Estimated reading time: 2 minute(s)
I was a philosophy major in college. Like most philosophy majors, I took a course focusing in large part on Descartes. For some reason, on the evening of December 1, 2010, I was discussing Descartes’ concept of “a clear and distinct idea” with a friend who would later assist me in my battle with server-side caching. Nearly 10 years later, I do not have a clear and distinct idea of the full context of our discussion. For some reason, I must have found it necessary to make an artistic representation of what we were discussing.
At the time, people who saw my magnificent Microsoft Paint creation noted that it looked like the stick figure was thinking about a mushroom cloud. To be clear, the stick figure was thinking about a tree. Do you see the branches? It is clearly a tree. One of my friend’s professors famously, or infamously, said that “truth is like a tree.” I have a clear idea that the above picture represents a tree, not a mushroom cloud.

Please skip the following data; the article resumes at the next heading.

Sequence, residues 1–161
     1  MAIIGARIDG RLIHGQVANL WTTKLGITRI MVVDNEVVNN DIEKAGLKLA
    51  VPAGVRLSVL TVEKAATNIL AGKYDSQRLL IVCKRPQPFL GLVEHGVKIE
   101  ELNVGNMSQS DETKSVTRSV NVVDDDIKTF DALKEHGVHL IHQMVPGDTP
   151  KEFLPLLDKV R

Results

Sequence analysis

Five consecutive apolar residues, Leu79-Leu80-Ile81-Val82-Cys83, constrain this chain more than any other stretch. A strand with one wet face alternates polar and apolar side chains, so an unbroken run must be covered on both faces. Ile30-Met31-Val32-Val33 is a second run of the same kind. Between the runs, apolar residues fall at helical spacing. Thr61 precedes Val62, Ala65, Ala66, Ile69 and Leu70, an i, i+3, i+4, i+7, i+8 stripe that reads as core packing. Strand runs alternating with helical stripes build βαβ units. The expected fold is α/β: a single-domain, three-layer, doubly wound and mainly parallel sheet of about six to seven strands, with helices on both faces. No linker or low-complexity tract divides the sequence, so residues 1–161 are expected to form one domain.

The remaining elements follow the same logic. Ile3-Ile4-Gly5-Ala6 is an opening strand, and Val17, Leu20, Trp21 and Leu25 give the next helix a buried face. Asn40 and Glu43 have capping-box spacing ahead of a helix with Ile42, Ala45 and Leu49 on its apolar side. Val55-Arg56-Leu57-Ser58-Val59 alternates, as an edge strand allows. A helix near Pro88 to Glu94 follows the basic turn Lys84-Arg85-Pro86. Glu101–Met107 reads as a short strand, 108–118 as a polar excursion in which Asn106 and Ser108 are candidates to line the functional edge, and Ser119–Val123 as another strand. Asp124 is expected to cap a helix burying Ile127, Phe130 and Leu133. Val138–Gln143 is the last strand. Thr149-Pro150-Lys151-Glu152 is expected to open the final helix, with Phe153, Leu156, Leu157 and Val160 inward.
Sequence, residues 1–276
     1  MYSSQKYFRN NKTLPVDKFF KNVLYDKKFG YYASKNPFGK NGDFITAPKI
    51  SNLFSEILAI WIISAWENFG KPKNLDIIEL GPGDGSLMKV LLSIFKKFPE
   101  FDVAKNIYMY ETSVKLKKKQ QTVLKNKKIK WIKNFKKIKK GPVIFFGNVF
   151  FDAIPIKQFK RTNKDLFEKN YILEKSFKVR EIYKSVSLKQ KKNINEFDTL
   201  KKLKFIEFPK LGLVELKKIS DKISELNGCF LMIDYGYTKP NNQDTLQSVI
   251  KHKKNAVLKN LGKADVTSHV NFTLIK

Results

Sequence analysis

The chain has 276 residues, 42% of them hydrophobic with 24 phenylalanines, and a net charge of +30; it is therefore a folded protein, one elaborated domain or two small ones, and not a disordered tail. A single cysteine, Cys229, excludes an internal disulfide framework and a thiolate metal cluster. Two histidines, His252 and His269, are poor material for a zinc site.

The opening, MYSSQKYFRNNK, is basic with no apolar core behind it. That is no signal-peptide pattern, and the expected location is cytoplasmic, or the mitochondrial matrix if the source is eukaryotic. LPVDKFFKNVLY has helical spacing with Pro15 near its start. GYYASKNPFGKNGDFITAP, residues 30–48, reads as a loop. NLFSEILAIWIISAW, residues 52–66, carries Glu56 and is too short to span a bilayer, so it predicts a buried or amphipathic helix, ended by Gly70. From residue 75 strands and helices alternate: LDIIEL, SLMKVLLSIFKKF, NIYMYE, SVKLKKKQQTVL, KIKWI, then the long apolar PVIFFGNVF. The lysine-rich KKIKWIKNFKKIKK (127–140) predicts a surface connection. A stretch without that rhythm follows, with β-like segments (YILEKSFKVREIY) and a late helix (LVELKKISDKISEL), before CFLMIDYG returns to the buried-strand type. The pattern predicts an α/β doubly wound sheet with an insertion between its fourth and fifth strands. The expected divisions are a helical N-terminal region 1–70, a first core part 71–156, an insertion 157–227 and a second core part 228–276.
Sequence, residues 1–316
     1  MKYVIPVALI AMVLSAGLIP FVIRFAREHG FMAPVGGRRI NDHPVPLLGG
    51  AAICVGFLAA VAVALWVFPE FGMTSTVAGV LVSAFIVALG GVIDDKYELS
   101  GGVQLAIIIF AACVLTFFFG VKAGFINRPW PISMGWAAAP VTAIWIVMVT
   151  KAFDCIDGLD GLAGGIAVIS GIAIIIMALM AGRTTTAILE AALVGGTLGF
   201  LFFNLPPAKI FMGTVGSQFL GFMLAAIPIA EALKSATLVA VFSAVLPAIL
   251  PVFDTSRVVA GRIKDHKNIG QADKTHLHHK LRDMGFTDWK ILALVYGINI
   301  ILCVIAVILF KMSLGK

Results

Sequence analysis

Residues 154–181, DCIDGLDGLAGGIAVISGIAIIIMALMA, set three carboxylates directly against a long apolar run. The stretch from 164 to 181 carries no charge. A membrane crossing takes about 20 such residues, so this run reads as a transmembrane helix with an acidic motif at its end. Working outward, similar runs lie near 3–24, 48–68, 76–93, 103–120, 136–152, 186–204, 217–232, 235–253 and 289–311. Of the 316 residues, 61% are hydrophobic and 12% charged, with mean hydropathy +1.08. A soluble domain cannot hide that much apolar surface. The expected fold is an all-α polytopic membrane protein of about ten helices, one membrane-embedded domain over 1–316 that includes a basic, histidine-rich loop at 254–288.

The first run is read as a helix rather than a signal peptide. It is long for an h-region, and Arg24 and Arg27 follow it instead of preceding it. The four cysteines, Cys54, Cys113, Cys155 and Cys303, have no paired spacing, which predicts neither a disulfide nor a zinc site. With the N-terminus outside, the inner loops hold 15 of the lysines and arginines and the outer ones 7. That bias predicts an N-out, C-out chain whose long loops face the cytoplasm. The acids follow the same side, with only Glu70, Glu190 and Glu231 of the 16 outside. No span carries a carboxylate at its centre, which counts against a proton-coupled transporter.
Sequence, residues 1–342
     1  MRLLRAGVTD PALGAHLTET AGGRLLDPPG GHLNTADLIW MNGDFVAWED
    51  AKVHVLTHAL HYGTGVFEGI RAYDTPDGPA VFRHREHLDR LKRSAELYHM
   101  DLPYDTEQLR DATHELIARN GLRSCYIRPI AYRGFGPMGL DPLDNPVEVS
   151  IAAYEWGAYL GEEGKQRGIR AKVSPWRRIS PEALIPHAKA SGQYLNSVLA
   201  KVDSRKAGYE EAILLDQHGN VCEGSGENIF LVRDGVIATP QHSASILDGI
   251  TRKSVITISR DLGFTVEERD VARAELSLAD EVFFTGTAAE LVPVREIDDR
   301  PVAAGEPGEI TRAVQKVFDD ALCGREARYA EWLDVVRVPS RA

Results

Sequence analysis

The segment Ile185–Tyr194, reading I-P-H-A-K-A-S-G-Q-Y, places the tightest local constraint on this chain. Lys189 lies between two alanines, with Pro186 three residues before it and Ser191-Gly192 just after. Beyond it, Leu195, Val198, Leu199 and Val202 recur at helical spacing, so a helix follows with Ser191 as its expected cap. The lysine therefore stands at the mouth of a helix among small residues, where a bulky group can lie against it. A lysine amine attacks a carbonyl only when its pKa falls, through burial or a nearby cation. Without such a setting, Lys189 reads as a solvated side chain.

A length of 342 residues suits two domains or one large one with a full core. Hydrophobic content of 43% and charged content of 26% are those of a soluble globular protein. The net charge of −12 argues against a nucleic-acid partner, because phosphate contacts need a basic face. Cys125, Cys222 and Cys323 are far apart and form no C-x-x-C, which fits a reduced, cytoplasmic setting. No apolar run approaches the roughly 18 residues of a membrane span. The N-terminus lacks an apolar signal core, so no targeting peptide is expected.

While I know for sure that I was drawing a stick figure thinking about a tree, and that it had to do with Descartes and “truth is like a tree,” I do not remember the entire meaning of the picture. The stick figure probably has a clear and distinct idea of a tree. He is standing next to an actual tree. There are arrows connecting his large head with an idea of a tree to a tree. His head is large because it needed to be big enough for me to draw the tree inside of it.
Let no one say that the picture showing thought is not thought provoking.
Of course, that is just my best guess at what I was trying to draw. It may have just been a joke combining Descartes with the “truth is like a tree” quip. It probably was just a joke. But it was a long time ago, so who knows?
Despite being a philosophy major, I never contemplated being a professor. This is primarily because few things sound less appealing to me than spending the rest of my life on a college campus. For the most part, I did not even want to be on a college campus when I was in college – as evinced by the fact that I sometimes took the subway home for lunch on the two days I had a two hour lunch break between my morning classes and afternoon class (about a one hour round trip) before returning in the afternoon. But, while much about this artwork has faded from my recollection, I know for sure that my deciding not to pursue the academic life was a great loss to many future students.